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"Inveniam viam aut faciam" : I will either find a way, or I shall make one


DDNS stands for Dynamic Domain Name Service. What is means is that a machine can have a DNS record even as the IP address changes as it uses DHCP. This is very useful for people who have Internet connections which do not have static IP addresses, but it is also useful in a LAN. If each of your network machines has a DNS name, then it makes sharing printers easier, it makes tracking them easier, it makes name lookups more useful and easier. There are other reasons, but I am suer you get the point - it is a good thing. In this paper I will be going through a simple Linux based setup for two reasons;
  1. Usage of BIND for DNS and the Internet Software Consortium DHCP server is quite common
  2. It is easier (and cheaper) then using the Windows DNS and DHCP software
What do you need?
Well obviously, you will need the software mentioned above (BIND DNS and ISC DHCP), and you will need to check if your DNS and DHCP servers are on separate machines. In the following setup I am staying simple, there is no update key needed, and the servers are on separate machines.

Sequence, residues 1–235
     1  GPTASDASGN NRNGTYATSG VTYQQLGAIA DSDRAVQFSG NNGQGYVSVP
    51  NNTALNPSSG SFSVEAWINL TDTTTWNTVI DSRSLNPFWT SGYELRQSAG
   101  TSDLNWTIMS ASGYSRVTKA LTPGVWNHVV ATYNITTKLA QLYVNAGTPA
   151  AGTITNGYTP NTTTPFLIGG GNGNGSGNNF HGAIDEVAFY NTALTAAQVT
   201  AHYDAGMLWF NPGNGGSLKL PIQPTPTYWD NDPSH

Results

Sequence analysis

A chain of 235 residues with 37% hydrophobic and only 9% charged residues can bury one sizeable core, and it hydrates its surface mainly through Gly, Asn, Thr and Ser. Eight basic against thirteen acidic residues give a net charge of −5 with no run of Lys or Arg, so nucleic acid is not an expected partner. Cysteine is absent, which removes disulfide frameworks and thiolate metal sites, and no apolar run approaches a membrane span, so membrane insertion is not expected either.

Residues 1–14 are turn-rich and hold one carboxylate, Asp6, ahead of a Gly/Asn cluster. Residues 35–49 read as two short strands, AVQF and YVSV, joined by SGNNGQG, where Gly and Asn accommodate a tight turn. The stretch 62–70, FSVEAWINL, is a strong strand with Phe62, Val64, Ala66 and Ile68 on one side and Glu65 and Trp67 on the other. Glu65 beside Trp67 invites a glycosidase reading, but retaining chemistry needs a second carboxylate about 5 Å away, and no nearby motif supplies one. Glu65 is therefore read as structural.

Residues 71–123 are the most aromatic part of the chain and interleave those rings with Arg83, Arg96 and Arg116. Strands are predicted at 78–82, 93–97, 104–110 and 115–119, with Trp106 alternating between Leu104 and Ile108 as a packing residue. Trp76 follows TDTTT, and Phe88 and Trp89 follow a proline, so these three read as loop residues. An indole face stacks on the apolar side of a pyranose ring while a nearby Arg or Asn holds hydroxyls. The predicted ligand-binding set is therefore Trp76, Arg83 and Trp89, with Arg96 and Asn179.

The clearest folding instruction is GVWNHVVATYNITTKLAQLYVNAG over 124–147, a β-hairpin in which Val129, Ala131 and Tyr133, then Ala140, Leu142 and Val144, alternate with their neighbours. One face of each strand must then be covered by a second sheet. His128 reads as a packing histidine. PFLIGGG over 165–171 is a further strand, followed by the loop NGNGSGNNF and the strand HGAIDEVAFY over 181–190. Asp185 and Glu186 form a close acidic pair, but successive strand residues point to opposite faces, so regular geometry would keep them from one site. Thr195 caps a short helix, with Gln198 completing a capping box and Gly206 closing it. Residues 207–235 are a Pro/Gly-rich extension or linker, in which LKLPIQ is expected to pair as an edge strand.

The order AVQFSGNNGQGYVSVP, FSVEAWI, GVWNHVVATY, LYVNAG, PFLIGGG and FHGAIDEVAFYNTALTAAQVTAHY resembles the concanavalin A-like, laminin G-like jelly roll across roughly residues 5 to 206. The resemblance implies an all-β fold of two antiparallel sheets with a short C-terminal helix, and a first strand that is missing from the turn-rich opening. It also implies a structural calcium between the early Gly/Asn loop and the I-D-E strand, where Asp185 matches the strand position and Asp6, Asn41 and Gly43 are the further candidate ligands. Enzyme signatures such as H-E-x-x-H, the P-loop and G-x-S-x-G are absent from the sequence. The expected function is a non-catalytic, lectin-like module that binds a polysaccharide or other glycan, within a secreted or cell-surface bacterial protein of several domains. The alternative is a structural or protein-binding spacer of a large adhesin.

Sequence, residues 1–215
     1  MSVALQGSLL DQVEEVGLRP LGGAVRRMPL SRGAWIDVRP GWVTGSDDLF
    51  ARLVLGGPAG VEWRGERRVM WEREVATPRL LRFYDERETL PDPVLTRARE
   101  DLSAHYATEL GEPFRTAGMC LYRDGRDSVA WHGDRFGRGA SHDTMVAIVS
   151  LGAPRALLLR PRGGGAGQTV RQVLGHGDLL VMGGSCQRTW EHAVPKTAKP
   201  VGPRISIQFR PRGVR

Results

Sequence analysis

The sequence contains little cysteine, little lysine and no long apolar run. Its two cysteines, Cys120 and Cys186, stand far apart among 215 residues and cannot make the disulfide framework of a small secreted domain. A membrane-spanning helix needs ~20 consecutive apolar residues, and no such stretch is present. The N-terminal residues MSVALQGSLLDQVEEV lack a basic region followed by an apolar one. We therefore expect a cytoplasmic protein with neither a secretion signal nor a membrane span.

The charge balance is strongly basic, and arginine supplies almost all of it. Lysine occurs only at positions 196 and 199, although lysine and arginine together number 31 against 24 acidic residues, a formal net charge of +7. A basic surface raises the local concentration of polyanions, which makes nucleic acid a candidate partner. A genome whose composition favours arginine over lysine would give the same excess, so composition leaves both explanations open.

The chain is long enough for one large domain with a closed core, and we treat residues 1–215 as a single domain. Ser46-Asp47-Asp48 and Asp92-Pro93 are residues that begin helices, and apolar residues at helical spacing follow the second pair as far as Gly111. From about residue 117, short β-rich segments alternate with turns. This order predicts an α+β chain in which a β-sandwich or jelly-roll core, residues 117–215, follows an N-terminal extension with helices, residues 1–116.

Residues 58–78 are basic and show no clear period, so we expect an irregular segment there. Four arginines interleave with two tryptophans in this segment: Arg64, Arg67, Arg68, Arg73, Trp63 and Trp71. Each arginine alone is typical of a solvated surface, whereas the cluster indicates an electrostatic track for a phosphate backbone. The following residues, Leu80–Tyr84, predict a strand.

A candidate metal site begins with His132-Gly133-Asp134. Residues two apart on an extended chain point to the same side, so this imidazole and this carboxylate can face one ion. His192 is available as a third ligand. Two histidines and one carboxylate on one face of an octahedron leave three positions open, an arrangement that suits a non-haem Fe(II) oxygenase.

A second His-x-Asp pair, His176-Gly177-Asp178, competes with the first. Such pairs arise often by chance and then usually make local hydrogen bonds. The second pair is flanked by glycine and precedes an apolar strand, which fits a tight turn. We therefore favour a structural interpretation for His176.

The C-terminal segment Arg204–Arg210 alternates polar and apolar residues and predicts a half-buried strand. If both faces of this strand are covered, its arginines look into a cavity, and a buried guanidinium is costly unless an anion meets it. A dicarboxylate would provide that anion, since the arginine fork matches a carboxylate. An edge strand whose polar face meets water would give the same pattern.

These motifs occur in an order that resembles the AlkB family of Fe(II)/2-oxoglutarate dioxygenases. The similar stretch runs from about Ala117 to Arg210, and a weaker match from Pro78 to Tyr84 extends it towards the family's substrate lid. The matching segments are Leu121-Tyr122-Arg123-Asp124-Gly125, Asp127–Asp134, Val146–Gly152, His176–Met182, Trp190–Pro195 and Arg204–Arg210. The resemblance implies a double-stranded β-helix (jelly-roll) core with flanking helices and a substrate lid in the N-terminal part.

Starting with the DNS server is easiest as the changes only come into play as DHCP uses them, otherwise DNS functions as normal. So edit your main configuration file (/etc/named.conf by default) as follows..
#place near top of file as is referenced lower down
acl lan {

then in each zone definition (remember to do it for each domain name and each domain name's reverse lookup zone) put the allow-update option, something like this..
zone "" {
     type master;
     file "/var/named/";
     allow-update { lan; };

What this does is it will allow any DHCP client in the IP address ranges specified in the lan acl to be able to update the zone files. If you put the options into both the name lookup and the reverse lookup zone definitions, then each client will be able to have a DNS name which can be found with a reverse lookup. As always, once you have made the changes do a restart (/etc/init.d/named restart) and check your log file (normally /var/log/messages) for status messages.

Setup the DHCP server
This is where the majority of the configuration takes place, in the DHCP configuration file (generally it's /etc/dhcpd.conf).  The first of the changes is added to your normal global option settings (you will also have to delete the ddns-update-style ad-hoc; line)..
ddns-update-style interim;
ddns-ttl 7200;

Then the rest of the changes occur in the subnet section of the configuration file..
# don't let clients modify their own records
 ignore client-updates;
 # dynamic DNS updates
 ddns-updates on;
 ddns-domainname "";
 ddns-rev-domainname "";
option domain-name "";

zone {

zone {

The settings here are very important. There are some common gotchas to watch for;
Final Words
There are some other odd settings around to help you make full usage of this setup..
This setup is very useful, and can also help you understand your network a little better. As always have fun and learn.